Transcript of Bonus episode – Visual Arts, the frames, practice and conceptual framework
This transcript has been edited slightly for clarity. Listen to the Bonus episode – visual arts, the frames, pratice and conceptual framework podcast (22:59).
Jackie – The following podcast is brought to you by the creative arts curriculum team from secondary learners, educational standards directorate of the New South Wales Department of Education. As we commence this podcast today, let us acknowledge the traditional custodians of all the lands on which this podcast will be played around New South Wales. Their art, storytelling, music and dance, along with all First Nations People, hold the memories, the traditions, the culture and hopes of Aboriginal Australia. Let us acknowledge with honour and respect our elders, past, present and future, especially those Aboriginal people in our presence today who have and still do guide us with their wisdom.
Welcome to the creative cast podcast series. My name is Jackie King and I'm a Creative Arts Project Advisor with the New South Wales Department of Education. Today we're going to have a bonus episode. We're going to talk about a visual arts resource that has been released recently with Alex Papasavvas. Please welcome Alex.
Alex – Hi Jackie, thanks for having me on.
Jackie – Thanks for coming on the podcast today, Alex. So, we've released some pretty cool resources recently. Part of this was released last year and then some of it was released last term as well. We've released some support resources for visual arts for the frames, practice and conceptual framework and I know that they're different resources for stage four and five and then for stage six. So, I was just hoping that you might be able to start us off today by telling us a little bit more about these resources that are available on our website.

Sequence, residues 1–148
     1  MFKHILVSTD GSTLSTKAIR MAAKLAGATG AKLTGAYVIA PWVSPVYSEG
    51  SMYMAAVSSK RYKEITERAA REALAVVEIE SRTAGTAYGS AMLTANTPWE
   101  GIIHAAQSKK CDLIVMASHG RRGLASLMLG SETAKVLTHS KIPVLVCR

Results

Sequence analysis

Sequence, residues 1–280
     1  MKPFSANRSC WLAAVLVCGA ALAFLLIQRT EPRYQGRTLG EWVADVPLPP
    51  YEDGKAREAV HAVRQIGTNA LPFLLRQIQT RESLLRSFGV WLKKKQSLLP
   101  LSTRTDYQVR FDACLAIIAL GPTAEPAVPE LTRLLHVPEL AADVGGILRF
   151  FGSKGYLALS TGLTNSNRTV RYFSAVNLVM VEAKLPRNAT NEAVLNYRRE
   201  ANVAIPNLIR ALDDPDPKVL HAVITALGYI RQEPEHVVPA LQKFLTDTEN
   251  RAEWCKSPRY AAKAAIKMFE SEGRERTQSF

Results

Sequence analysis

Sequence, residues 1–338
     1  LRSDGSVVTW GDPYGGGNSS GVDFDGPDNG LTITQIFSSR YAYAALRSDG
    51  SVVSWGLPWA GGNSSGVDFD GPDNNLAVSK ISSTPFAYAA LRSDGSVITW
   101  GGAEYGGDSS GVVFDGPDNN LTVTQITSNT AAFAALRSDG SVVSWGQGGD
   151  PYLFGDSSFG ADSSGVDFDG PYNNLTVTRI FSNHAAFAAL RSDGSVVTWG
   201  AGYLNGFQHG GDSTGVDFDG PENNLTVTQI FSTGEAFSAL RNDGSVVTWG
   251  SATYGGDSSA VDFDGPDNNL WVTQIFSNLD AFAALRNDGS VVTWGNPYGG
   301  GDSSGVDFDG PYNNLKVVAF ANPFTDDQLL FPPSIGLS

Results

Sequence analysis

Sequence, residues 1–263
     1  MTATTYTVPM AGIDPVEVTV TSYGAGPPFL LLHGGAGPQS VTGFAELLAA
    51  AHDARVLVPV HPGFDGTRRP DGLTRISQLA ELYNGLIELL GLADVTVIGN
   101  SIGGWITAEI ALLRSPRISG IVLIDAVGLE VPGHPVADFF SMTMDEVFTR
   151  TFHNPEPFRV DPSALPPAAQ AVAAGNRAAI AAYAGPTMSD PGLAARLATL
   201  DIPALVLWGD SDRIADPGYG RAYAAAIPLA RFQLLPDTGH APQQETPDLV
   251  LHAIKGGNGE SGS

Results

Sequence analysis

Alex – Yeah, sure. So, on the Stage Six website we've got some support resources that are really intended for classroom use and they unpack the core concepts in visual arts of practice, the conceptual framework and the frames. And then on the Stage four and five website we've got a support document for teachers that we put out last term, which is more about the frames but does touch pretty heavily on conceptual framework as well. So, this is the way that content is organized in visual arts. And these ideas are really central to the way that we teach visual arts in New South Wales and provide a quite a robust framework from which to understand both art making and critical and historical studies. So, these ideas of practice, the conceptual framework and frames are shared all the way through what I call the visual arts family of subjects. So you'll find this content of practice, conceptual framework and the frames all the way through the 7-10 Syllabus is for visual arts, photographic and digital media and visual design and in stage six visual arts and then with some minor variations in the Stage Six content endorse courses for photography, video and digital imaging, visual design and ceramics. So, the resources themselves are pretty flexible because they describe and support the teaching of these concepts that are central throughout all of these subjects. Now, the resources themselves. On the Stage six website, there are three scaffolds that were put up last year. They're quite condensed and only take up one or two pages each and they're in the form of some questions that support teaching and learning in each of those areas. So, for practice, this one's split up into art making and critical historical studies because it can be really helpful to consider practices of makers and writers separately sometimes and also to unpack what sometimes of subtle delineation between historians and art critics. So, to give an example of what's in this resource, there are questions here for practicing art making that includes things like what are the artist's intentions? What conceptual choices has the artist made? How has the choices of materials and techniques informed the representation of ideas? So, these are really useful for either teachers or students to get into what practicing art making actually looks like. And looking at some of those big ideas of intentions, choices and actions in both art making and writing. The scaffold for the conceptual framework is similar. It's framed as a set of questions for classroom application that support understanding of what we call the agencies of the art world, which are these big concepts of artwork, artist, audience and world. So, in this resource, there are four or five questions for each of those agencies that could be really helpful for teachers or students to organize their thinking around these concepts. So, for example, for audience, one of the questions is, who was the intended audience for the work? Has this changed over time? And that opens up some really big possibilities for a discussion or a line of inquiry about a particular artwork. And I also know that a question like that doesn't just consider audience in isolation. It also references the artwork itself. So, it's a good example of a relationship between audience and artwork and considering those relationships within the conceptual framework, a really rich source of meaning and understanding in visual arts. So finally, the frames scaffold, as you'd expect, has four or five questions to support understanding in each of the frames, the frames really are a tool that we use to consider understanding and art from a particular perspective. We use subjective cultural, structural and postmodern. So, these are like the big themes or big ideas that we can think about art from. And really the frames are meant to sit around the ideas of understanding that you can get from thinking about practice, or the relationships between artwork artist audience and world. Certainly, by the HSC, we're expecting students to bring their understanding of these three areas of content together in a holistic manner.